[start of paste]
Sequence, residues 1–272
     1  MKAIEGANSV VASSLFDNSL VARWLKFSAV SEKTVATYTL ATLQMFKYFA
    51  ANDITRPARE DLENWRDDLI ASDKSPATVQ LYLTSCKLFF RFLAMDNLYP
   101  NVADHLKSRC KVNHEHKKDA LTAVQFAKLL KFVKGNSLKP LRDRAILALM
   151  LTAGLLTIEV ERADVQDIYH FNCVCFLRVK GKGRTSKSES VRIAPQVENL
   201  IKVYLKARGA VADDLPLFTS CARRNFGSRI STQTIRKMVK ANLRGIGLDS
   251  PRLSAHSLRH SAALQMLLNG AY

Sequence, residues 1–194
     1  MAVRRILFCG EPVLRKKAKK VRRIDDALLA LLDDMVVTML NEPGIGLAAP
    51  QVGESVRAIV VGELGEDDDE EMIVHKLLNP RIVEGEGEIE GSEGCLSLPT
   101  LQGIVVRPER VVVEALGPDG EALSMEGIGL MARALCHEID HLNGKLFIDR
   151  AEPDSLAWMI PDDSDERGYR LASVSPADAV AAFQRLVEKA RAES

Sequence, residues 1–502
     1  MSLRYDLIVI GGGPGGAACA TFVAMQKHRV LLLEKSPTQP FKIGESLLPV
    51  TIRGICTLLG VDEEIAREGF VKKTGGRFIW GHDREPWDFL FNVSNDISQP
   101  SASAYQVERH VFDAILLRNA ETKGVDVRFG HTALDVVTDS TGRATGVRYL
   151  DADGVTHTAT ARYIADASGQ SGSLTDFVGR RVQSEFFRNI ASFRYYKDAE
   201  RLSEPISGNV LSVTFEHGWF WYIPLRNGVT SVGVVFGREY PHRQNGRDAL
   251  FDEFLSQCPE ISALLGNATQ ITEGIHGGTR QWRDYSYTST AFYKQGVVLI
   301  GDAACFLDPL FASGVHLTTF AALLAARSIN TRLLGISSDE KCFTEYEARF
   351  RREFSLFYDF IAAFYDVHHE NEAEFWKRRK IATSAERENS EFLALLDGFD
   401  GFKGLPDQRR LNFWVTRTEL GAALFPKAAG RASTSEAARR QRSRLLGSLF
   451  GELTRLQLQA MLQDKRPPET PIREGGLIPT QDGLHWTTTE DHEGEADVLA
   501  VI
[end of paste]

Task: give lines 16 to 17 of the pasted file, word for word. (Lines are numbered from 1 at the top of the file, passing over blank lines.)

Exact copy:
   101  SASAYQVERH VFDAILLRNA ETKGVDVRFG HTALDVVTDS TGRATGVRYL
   151  DADGVTHTAT ARYIADASGQ SGSLTDFVGR RVQSEFFRNI ASFRYYKDAE